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Creating value in the indigenous upstream oil and gas sector

Article - December 19, 2012
Amni Petroleum has shown that an indigenous oil and gas company can survive and prosper in Nigeria – no mean feat, given the intense competition in this highly lucrative sector
Since its incorporation in 1993, Amni International Petroleum Development Company Ltd has discovered and developed vast gas reserves, and has forged strategic partnerships with major players including Abacan, Total and Afren. The company was originally granted two five-year Oil Prospecting Licences (OPLs) which it successfully developed, and has since gone from strength to strength.

Exploration and drilling activities began in early 1995, in partnership with Liberty Technical Services, a subsidiary company of Abacan Resource Corporation of Canada. Full production started in December 1996, and during the first year of operation, a total of 6 million barrels of oil was produced, most of it exported.

As a result of this successful work programme, the OPLs were converted into long-term Oil Mining Leases (OMLs) in 1998 and 1999.

As part of an initiative to bring more accountability to operations in mid-1998, the partnership between Amni and Abacan was dissolved. Amni assumed sole operatorship of the concession, but the company faced enormous challenges, mostly financial, during this period. However, these hardships strengthened the company, giving it the advantage of experience, and Amni has lived up to the Latin motto “fortitudine vincimus” (through endurance we conquer).

 Today Amni has set new standards for itself, and is determined more than ever to exceed them.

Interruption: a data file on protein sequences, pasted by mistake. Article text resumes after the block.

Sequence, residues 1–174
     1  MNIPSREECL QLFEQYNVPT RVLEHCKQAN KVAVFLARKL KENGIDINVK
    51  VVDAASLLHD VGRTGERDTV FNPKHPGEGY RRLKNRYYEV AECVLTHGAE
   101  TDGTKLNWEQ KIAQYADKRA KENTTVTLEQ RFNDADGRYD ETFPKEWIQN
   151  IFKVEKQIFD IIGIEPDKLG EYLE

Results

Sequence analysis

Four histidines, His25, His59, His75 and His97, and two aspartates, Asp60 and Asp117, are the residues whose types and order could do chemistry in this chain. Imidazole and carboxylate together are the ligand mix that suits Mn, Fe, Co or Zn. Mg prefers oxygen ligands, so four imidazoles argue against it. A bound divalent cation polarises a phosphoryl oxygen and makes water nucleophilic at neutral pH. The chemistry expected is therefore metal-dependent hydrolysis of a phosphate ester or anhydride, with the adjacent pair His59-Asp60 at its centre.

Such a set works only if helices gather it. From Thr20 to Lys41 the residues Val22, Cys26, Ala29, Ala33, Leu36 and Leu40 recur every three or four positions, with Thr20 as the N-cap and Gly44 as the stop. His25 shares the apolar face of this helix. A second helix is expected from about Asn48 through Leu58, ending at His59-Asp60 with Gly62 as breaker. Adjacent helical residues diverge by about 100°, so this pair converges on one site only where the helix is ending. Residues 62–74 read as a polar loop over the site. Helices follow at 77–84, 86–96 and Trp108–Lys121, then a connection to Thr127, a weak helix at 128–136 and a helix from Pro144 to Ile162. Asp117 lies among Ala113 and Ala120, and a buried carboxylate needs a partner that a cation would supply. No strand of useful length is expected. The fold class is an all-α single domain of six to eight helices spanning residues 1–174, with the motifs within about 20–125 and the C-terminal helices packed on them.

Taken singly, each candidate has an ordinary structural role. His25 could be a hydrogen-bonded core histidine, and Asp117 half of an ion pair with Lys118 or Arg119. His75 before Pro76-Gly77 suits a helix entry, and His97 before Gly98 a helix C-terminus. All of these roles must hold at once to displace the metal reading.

In 2005, Amni entered into agreements with Canada-based Total through its subsidiary Total E&P Nigeria Limited (formerly Elf Petroleum Nigeria Limited), under which Total acquired a 40 per cent interest in OMLs 112 and 117. Total relinquished its rights to the crude oil from the current developed reservoirs in Ima Field effective from April 2007.

Total subsequently relinquished both its right to participate in and any future right of re-entry into the development of Okoro/ Setu Fields. This allowed Amni, in March 2006, to enter into agreements with Afren Energy Resources, a wholly owned subsidiary of Afren Plc, for the Okoro/Setu (exclusive area) fields development.

However, Amni still maintains healthy deals with Total, with whom they have an agreement for IMA Gas, by which Amni develops the gas reserves until production, with Total then covering costs out of revenues from gas production.

The outlook for 2012 and 2013 is good, with Amni aiming to have at least eight producing wells under full field development – and the company is, as ever, looking for interesting partnerships. Founding Managing Director, Chief Tunde J Afolabi, a professional geologist with over 30 years experience in the oil and gas business, says:

“When Amni succeeds, its partners succeed, and vice versa. It is a symbiotic relationship where one does not look at the other as a junior or senior partner.

“The fact that we have operated all over the world with a varied background and the fact that we speak the language in terms of what it takes to succeed in business, I think is something that any company that is in business and who would like to partner would find comforting – they would not be joining with a novice, and they will succeed.”